The River


Water, water everywhere?

Not anymore. Unbridled growth in Atlanta and its surrounding areas, are testing the state’s water resources to the max.

The pressure on our valuable resources has plunged the Apalachicola-Chattahoochee-Flint and Alabama-Coosa-Tallapoosa water basins into the “Tristate Water Wars”. Reminiscent of water woes that have plagued the arid West, the struggle between Georgia, Alabama and Florida began in 1992 and continues still as the states try to meet the growing water needs of all with a finite supply that is near capacity.

The Flint River has figured prominently in the battle. The proposed damming of the Flint River is seen as an opportunity to avoid painful water conservation practices. Atlanta’s main source of water, the Chattahoochee River, is the smallest water source of any metropolitan area in the country, so it is no surprise that the supply is beginning to fall short of the demand. In 2008, Republican congressmen Lynn Westmoreland and Nathan Deal sought $10 million in federal funding for a study of reauthorizing the Flint River dams. In the summer of the same year, the first draft of metro Atlanta’s newest water supply plan called for two dams on the Flint after 2035.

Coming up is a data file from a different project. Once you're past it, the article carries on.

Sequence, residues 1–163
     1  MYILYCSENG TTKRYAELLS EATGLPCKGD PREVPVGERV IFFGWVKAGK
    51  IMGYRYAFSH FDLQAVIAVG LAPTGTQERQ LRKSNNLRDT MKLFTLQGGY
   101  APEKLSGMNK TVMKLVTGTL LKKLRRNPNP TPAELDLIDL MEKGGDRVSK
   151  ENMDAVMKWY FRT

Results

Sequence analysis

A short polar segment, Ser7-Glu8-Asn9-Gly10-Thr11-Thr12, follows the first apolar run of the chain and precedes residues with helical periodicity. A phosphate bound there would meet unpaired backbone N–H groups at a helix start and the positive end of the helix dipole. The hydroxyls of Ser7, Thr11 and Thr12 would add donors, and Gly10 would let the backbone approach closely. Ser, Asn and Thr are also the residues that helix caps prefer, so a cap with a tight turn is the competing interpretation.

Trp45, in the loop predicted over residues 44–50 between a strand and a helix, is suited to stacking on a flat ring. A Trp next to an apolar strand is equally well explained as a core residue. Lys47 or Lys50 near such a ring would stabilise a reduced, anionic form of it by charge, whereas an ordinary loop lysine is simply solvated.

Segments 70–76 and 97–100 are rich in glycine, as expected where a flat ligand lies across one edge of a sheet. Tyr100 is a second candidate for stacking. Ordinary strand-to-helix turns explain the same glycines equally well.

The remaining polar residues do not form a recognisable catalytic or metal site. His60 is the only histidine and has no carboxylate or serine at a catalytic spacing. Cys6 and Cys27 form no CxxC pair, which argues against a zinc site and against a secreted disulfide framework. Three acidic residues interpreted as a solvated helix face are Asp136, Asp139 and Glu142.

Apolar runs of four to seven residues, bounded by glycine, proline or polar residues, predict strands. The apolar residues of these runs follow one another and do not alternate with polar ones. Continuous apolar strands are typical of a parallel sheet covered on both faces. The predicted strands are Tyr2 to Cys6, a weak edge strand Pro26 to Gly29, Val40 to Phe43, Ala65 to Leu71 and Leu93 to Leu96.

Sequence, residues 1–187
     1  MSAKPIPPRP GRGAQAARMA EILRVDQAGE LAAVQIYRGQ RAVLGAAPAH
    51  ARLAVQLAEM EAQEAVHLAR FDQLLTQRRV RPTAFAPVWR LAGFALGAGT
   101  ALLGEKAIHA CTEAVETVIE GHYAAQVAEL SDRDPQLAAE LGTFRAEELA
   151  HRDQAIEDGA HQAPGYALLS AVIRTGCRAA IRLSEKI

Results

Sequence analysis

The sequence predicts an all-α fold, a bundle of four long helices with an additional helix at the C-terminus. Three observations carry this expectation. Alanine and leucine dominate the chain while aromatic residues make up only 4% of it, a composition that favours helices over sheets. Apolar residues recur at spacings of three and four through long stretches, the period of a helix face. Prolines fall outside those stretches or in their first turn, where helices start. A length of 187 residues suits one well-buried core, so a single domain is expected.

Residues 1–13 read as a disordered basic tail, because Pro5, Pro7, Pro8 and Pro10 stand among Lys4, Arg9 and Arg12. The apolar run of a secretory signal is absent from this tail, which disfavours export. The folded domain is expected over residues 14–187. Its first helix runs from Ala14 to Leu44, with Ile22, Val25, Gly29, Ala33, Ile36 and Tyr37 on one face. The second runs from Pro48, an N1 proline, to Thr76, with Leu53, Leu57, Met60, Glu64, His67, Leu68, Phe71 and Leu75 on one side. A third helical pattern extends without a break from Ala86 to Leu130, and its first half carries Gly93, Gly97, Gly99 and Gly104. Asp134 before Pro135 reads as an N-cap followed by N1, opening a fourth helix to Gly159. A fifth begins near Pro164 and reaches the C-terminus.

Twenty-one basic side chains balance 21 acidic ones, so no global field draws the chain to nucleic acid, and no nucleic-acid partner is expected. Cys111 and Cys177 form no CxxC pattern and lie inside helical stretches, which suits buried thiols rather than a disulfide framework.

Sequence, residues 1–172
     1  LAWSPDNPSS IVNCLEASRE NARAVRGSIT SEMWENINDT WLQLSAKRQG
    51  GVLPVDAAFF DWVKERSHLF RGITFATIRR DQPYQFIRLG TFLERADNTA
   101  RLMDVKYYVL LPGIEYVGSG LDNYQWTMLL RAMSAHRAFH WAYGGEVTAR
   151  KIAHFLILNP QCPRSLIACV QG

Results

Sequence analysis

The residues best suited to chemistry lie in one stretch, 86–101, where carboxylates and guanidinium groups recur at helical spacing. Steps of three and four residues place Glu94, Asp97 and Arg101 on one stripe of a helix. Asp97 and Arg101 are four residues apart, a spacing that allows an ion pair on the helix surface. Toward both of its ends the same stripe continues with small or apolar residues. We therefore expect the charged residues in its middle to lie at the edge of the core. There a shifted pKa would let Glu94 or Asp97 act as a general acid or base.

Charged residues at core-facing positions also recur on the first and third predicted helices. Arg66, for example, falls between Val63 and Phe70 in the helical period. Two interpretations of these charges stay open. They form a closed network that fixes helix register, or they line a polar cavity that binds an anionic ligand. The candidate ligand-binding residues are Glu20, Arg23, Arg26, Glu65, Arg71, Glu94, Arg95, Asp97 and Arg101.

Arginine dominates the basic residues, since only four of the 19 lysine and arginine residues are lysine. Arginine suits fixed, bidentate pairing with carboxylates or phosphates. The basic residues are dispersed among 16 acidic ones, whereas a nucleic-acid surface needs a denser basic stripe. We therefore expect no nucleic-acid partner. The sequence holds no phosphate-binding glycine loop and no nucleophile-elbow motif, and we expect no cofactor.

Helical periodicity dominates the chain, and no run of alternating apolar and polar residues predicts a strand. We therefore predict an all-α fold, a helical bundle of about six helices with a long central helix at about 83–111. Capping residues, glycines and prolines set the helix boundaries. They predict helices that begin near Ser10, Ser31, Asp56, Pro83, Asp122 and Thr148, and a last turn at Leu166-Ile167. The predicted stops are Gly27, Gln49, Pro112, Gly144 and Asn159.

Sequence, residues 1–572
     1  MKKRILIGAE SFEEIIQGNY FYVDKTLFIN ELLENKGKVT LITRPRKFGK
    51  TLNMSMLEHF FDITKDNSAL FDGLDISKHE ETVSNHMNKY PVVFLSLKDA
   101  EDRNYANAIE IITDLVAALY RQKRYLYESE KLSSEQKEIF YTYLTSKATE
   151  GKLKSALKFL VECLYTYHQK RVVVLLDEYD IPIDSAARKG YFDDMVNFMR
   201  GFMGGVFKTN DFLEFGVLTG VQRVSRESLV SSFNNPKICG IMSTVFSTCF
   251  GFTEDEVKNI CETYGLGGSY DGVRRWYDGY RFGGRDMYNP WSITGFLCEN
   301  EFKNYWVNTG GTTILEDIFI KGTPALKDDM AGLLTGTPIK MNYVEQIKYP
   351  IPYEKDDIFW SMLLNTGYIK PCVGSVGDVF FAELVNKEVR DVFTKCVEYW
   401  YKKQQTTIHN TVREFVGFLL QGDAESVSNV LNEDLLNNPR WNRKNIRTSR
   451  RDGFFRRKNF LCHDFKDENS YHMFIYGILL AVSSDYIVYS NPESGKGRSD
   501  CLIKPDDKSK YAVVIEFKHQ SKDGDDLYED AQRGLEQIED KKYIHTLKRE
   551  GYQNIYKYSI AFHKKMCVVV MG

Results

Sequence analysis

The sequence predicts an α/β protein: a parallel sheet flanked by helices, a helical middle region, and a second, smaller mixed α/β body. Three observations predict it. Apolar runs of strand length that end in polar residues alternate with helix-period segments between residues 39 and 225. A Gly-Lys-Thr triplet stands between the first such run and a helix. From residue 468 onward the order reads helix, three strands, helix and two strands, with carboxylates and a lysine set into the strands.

The renewed interest in damming one of only 40 rivers left in the US that flow for more than 200 miles undammed, has placed the Flint River in the number two spot on the American Rivers List of the Top Ten Endangered Rivers for 2009. FRK is working to protect the Flint from this project, known to cost tax-payers many millions of dollars more than working to repair water efficiency in the city of Atlanta.

In the Flint River Basin, there are approximately 43 rivers and streams listed on the 2002 303(d) list as waters not meeting designated uses. These impaired waters include roughly 325 miles of rivers and streams in the Flint River Basin.

Currently, there are approximately 142 facilities, including industries and municipalities, authorized to discharge wastewater into the Flint River Basin pursuant to NPDES Permits.

For a complete listing of fish consumption guidelines for the Flint River Basin and other basins in Georgia see Guidelines for Eating Fish from Georgia Waters, 2002 at

The Flint River needs YOU! And so does FRk.

Get involved today by visiting our Membership page and joining the FRk to start receiving information about our efforts to protect this vital resource for our region.

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